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|Case Number:||Election Petition 1 of 2017|
|Parties:||Raila Amolo Odinga & another v Independent Electoral and Boundaries Commission, Chairperson, Independent Electoral and Boundaries Commission & Uhuru Muigai Kenyatta|
|Date Delivered:||01 Sep 2017|
|Court:||Supreme Court of Kenya|
|Judge(s):||David Kenani Maraga, Jackton Boma Ojwang, Isaac Lenaola, Philomena Mbete Mwilu, Smokin Charles Wanjala, Njoki Susanna Ndungu|
|Citation:||Raila Amolo Odinga & another v Independent Electoral and Boundaries Commission, Chairperson, Independent Electoral and Boundaries Commission & Uhuru Muigai Kenyatta (Election Petition 1 of 2017)  KESC 32 (KLR) (Election Petitions) (1 September 2017) (Determination)|
|Court Division:||Election Petitions|
Presidential Election Annulled for Failing to Conform with the Constitution and the Elections Act
Raila Amolo Odinga & another v Independent Electoral and Boundaries Commission & 2 others  eKLR
Election Petition 1 of 2017
Supreme Court of Kenya
D. Maraga, CJ, P. Mwilu, DCJ, J. B. Ojwang, S. C. Wanjala, N. Ndung’u & I. Lenaola, SCJJ
September 1, 2017
Reported by Ribia John
Electoral law – presidential election –validity of a presidential election-petition challenging the validity of the president elect-allegations of non-compliance with the Constitution and electoral laws- allegations of various irregularities and illegalities during the conduct of the elections –what are the principles of free and fair elections -whether the 2017 Presidential Election was conducted in accordance with the principles laid down in the Constitution of Kenya,2010 and the written laws relating to elections- whether there were irregularities and illegalities committed in the conduct of the 2017 Presidential Election and if in the affirmative, what was their impact, if any, on the integrity of the election- Constitution of Kenya, 2010, articles 81, 86,138, Elections Act 2011, sections 39 (1c), 44, 83;Elections (General) Regulations, 2012 Regulation 87(1)(b)
On August 8, 2017, a general election was held in Kenya. Following the election, the 1st Respondent declared the 3rd Respondent as the President-Elect. Aggrieved by the pronouncement, the 1st and 2nd Petitioners filed the instant petition in which they sought for the Presidential election to be annulled for failure to comply with laid out Constitutional principles and the provisions of the Elections Act. The Petitioners based their petition on grounds that the Presidential Election was tainted by illegalities and irregularities and consequently it lacked integrity.
i. Whether the 2017 Presidential Election was conducted in accordance with the principles laid down in the Constitution and the provisions of the Elections Act.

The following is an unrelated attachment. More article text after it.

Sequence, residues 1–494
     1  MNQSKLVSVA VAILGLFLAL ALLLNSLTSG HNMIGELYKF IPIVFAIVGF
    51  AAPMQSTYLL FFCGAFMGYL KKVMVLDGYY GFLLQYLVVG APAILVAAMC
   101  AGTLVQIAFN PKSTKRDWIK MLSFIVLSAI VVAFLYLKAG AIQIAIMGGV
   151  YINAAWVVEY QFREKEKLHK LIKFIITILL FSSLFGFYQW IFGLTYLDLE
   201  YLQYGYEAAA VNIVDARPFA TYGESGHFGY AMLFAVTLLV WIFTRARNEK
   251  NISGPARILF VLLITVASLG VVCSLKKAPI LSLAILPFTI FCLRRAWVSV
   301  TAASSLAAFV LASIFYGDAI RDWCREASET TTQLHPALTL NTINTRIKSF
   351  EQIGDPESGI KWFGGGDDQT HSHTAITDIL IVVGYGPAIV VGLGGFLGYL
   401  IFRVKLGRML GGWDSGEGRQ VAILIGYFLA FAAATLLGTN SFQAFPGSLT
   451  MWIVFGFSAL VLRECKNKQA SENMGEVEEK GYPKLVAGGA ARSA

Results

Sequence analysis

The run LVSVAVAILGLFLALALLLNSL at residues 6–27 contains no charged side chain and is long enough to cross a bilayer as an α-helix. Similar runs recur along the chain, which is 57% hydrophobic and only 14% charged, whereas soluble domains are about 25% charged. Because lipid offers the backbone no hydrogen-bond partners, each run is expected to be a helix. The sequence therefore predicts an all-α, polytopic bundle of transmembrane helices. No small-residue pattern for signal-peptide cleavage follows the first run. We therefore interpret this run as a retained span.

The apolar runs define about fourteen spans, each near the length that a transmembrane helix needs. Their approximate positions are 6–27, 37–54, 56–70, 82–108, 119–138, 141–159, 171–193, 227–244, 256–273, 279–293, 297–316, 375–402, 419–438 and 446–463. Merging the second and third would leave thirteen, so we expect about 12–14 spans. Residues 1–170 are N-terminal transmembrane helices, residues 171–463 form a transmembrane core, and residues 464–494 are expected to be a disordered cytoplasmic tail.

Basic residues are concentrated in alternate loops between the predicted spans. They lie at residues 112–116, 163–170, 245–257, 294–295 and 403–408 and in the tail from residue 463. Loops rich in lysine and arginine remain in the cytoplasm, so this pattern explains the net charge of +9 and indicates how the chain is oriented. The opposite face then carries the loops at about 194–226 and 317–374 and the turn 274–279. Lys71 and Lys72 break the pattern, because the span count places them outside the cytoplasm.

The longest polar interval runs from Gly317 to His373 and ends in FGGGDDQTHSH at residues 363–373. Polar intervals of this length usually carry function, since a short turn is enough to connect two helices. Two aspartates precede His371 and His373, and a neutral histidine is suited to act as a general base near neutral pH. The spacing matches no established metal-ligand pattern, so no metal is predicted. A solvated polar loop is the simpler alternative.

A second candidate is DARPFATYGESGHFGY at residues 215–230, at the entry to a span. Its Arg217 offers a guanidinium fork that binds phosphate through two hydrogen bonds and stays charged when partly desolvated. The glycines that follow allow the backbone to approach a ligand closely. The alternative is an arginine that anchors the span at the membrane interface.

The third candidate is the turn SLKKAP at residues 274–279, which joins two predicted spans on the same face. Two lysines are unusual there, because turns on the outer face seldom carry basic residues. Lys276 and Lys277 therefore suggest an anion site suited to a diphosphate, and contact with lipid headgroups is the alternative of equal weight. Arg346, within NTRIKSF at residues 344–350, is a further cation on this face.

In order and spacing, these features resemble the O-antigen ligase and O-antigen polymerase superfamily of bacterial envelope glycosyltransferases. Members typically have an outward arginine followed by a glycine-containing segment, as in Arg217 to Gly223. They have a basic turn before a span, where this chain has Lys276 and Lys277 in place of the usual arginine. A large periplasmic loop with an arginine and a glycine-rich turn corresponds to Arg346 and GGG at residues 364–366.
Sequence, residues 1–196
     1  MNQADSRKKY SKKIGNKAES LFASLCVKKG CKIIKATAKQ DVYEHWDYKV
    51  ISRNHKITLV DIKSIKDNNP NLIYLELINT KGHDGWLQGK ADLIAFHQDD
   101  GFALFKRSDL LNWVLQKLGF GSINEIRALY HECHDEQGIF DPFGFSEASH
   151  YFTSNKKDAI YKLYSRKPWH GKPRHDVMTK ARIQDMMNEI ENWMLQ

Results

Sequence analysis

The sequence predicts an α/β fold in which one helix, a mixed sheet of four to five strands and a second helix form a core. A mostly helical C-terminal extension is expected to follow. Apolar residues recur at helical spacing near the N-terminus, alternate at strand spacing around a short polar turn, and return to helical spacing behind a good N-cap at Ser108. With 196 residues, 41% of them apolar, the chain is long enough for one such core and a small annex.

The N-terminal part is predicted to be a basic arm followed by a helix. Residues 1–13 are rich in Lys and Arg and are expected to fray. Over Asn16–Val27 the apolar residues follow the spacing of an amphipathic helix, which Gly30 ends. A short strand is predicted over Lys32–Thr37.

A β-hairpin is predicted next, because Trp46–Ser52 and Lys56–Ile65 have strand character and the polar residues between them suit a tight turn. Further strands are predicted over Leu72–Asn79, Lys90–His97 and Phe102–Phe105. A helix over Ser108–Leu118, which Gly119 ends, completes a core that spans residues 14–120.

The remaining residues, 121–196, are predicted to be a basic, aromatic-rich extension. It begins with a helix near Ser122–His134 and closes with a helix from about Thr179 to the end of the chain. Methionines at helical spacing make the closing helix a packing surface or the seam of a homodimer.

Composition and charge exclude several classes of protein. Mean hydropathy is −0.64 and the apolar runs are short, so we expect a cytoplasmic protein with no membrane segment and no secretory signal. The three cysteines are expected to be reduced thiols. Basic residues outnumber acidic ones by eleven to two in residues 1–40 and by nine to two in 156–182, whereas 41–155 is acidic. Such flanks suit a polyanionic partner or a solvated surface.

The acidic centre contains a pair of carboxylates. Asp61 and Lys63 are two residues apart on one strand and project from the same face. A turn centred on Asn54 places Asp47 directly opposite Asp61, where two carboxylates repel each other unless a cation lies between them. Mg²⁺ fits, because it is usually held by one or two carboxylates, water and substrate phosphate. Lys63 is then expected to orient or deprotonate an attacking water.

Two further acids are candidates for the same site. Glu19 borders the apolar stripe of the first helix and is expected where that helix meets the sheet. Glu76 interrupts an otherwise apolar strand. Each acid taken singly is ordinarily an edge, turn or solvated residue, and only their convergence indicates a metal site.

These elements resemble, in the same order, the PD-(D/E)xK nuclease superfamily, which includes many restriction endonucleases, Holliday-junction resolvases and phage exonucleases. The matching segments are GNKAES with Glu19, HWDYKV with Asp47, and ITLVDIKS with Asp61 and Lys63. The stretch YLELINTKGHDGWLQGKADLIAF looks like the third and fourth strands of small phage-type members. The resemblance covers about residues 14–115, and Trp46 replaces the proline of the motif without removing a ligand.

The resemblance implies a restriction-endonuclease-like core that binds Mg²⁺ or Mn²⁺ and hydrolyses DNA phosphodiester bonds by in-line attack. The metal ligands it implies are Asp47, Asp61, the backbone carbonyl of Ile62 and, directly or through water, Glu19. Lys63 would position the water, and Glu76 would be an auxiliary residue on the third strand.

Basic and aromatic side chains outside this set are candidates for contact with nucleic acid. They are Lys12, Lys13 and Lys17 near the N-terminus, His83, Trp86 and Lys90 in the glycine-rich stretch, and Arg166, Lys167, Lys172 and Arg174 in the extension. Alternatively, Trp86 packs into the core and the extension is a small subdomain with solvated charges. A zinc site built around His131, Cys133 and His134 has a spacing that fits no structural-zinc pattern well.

ii. Whether there were irregularities and illegalities committed in the conduct of the 2017 Presidential Election.
iii. Whether the irregularities and illegalities, if any, affected the integrity of the 2017 Presidential Election
Relevant Provisions of the Law
Constitution of Kenya, 2010
National values and principles of governance
(1) The national values and principles of governance in this Article bind all State organs, State officers, public officers and all persons whenever any of them—
(a) applies or interprets this Constitution;
(b) enacts, applies or interprets any law; or
(c) makes or implements public policy decisions.
(2) The national values and principles of governance include—
(a) patriotism, national unity, sharing and devolution of power, the rule of law, democracy and participation of the people;
(b) human dignity, equity, social justice, inclusiveness, equality, human rights, non-discrimination and protection of the marginalised;
(c) good governance, integrity, transparency and accountability; and
(d) sustainable development.
(1) Every citizen is free to make political choices, which includes the right—
(a) to form, or participate in forming, a political party;
(b) to participate in the activities of, or recruit members for, a political party or
(c) to campaign for a political party or cause.
(2) Every citizen has the right to free, fair and regular elections based on universal suffrage and the free expression of the will of the electors for—
(a) any elective public body or office established under this Constitution; or
(b) any office of any political party of which the citizen is a member.
(3) Every adult citizen has the right, without unreasonable restrictions—
(a) to be registered as a voter;
(b) to vote by secret ballot in any election or referendum; and
(c) to be a candidate for public office, or office within a political party of which the citizen is a member and, if elected, to hold office.
General principles for the electoral system
The electoral system shall comply with the following principles—
a) freedom of citizens to exercise their political rights under Article 38;
(b) not more than two-thirds of the members of elective public bodies shall be of the same gender;
(c) fair representation of persons with disabilities;
(d) universal suffrage based on the aspiration for fair representation and equality of vote; and
(e) free and fair elections, which are—
(i) by secret ballot;
(ii) free from violence, intimidation, improper influence or corruption;
(iii) conducted by an independent body;
(iv) transparent; and
(v) administered in an impartial, neutral, efficient, accurate and accountable manner.
At every election, the Independent Electoral and Boundaries Commission shall ensure that—
(a) whatever voting method is used, the system is simple, accurate, verifiable, secure, accountable and transparent;
(b) the votes cast are counted, tabulated and the results announced promptly by the presiding officer at each polling station;